— At the beginning, the hospital received about three dozen wounded people a day. Later, this figure already reached more than a hundred. A lot of faces come to mind. But the most interesting thing is that they are all remembered not bent over from pain, but with smiles. You try to help the guy, even just ask about his condition, and he will definitely smile, take his hand and say: “Let’s get through.” And you understand where you leave them, you are in your place.

Our surgeons, nurses, junior nurses did not sit around the clock. The surgeons had the size of bags under the eyes till the chin. You hug them, you say: “We will manage.” But you understand how difficult it is for them. This is not work on a conveyor belt with equipment, they have human lives in their hands. It was scary for their health, physical and moral. For them to endure, because resources are not infinite, no matter how strong a person is. Especially if there is no food, sleep and reinforcement. You come up, push him, ask if he has eaten. He stands in gloves up to his elbows in blood, and you understand that the question is stupid. And on the walkie-talkie they say that they are taking the wounded again.

Some doctors from civilian hospitals came to the hospital to help. We also had civilians. People thought that war was war, and medical institutions and churches were security.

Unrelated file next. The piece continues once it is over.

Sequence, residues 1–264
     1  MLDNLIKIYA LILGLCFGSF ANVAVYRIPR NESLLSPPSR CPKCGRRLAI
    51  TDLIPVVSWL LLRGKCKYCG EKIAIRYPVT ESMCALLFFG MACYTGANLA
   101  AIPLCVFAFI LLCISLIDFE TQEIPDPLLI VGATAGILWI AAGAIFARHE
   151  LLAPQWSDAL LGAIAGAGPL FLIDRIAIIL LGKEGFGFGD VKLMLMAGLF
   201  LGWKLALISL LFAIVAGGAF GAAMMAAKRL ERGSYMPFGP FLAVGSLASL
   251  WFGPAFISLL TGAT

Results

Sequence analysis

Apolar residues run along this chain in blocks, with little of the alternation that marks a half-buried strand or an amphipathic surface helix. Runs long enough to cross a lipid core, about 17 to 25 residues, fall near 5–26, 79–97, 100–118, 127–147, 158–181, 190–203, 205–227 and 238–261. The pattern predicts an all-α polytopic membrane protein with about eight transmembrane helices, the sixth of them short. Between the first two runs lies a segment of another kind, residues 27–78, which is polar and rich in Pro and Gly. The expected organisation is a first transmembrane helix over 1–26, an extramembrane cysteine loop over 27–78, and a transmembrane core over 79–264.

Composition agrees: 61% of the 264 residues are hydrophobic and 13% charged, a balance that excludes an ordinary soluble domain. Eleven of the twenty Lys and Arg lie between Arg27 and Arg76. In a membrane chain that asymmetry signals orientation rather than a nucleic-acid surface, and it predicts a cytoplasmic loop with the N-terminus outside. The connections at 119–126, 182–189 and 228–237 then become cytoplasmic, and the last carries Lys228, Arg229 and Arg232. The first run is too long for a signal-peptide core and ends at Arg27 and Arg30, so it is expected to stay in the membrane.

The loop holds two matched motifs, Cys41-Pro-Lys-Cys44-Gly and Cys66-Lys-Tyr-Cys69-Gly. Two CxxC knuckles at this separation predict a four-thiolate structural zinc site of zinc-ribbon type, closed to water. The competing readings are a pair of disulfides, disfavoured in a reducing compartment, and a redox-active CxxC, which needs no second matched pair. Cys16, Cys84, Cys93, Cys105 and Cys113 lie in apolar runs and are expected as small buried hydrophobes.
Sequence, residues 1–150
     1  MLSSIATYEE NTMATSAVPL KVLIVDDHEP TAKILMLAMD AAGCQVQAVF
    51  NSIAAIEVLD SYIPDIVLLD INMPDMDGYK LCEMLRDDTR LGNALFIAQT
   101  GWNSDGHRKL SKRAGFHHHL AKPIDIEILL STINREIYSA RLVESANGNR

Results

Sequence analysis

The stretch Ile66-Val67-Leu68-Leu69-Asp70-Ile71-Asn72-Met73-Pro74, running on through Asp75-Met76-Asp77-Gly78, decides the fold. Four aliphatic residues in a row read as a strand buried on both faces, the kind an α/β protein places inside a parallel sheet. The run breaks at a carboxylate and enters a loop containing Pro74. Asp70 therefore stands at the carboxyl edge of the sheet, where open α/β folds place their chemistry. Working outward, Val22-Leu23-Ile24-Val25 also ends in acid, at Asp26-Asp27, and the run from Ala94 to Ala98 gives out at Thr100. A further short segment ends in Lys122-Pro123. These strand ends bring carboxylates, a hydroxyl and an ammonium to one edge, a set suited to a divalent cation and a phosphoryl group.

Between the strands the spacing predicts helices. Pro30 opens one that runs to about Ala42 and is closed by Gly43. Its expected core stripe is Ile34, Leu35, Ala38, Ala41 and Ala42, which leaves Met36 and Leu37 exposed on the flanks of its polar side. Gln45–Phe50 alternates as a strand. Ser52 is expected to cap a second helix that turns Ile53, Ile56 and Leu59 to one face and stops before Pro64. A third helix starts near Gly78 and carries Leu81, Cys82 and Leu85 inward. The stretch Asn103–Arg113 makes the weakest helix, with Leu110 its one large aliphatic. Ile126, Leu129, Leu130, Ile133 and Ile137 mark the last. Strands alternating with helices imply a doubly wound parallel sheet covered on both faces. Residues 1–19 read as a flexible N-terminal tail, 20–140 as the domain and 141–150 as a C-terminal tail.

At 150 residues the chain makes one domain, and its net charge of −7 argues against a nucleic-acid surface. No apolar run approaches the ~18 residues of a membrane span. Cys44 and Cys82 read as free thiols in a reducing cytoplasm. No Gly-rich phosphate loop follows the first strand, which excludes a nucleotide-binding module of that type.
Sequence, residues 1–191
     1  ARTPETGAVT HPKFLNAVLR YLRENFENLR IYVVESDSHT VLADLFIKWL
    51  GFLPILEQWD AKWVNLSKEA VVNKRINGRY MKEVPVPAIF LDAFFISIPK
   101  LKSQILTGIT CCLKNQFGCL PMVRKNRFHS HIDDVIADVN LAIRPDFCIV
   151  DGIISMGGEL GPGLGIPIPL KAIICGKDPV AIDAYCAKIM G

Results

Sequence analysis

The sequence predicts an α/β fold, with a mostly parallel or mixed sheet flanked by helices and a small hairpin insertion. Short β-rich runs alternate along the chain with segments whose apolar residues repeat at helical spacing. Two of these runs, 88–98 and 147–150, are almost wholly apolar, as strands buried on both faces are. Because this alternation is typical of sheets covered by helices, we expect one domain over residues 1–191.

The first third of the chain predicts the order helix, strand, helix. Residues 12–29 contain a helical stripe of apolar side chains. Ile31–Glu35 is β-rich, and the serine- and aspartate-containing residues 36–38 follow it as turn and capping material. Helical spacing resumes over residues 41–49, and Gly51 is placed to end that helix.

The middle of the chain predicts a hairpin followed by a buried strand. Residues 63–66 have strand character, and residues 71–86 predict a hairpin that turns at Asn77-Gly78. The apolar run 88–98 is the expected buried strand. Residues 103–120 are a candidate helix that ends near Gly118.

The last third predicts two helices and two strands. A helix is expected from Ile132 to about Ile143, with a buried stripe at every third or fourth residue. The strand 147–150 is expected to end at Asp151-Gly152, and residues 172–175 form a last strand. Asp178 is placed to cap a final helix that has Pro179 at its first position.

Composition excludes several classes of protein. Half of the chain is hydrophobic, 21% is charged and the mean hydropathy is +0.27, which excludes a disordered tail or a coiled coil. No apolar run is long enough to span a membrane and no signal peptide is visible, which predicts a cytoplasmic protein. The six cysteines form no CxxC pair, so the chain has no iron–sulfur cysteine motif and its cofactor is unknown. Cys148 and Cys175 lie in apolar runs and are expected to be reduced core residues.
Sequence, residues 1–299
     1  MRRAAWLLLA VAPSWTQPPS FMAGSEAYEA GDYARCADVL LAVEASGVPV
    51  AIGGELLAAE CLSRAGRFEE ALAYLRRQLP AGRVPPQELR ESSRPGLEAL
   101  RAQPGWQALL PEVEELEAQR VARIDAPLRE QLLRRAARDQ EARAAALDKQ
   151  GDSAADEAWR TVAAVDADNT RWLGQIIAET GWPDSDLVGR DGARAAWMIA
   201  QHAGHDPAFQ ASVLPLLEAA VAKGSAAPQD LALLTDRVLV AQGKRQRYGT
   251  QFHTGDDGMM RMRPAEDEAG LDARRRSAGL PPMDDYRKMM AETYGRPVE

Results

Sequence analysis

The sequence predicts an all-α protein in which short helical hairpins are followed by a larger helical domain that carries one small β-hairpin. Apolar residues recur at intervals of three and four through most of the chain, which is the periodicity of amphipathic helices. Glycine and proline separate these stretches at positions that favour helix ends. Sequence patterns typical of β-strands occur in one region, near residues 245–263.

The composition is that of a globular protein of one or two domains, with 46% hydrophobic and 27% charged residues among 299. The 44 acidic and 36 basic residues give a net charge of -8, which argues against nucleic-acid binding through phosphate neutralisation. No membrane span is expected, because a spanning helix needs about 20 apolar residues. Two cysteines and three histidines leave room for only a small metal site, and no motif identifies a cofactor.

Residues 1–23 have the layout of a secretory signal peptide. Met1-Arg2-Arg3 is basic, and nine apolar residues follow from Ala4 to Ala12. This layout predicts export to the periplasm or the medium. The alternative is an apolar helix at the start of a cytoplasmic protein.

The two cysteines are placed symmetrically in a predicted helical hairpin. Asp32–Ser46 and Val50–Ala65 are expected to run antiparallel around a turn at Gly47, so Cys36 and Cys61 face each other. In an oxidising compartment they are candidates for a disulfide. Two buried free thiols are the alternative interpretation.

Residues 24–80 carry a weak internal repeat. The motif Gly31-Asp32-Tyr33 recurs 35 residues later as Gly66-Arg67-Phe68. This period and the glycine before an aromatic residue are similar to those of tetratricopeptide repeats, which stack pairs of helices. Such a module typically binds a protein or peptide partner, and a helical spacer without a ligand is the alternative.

Our windows and doors were blown out by the blast waves. We slept for a long time dressed under four blankets, trying to keep warm. But it still felt like you were sleeping outside. Generators are not eternal, there is no hot water to drink at least for a tea. Only rain and snow do not fall on the head, because the roof is still holding.

In mid-March, wounded people began to arrive from the residential area across the street. This meant that the shells were flying very close. And on March 16, one such the projectile flew to the hospital yard, aiming at the monument to the fallen military medics. Then they crashed the nearby “Neptune” pool, a huge glass structure that had been under construction for many years, and it was to be opened. It was a matter of time when he would fly specifically to the hospital.And on the same day, an aerial bomb hit the intensive care unit. Surprisingly, almost no one from the staff was injured. Even the seconded paramedic-instructor-disinfector, who was at the very epicenter of the infection. Now he is in captivity. Then Olena was able to call her mother for the last time. And further communication was very rare – only text messages with the words “alive”.

After that, the hospital began to be moved in small groups along with equipment and medicines to the Ilyich plant and Azovstal. Olena ended up at the Illich factory. “Just get into the car, and wherever it took you, there you are. And you start all over again,” she says.

On April 12, 2022, Olena was captured by the Russians. And spent more than six months there. On October 17, 2022, she returned home as part of the prisoner exchange.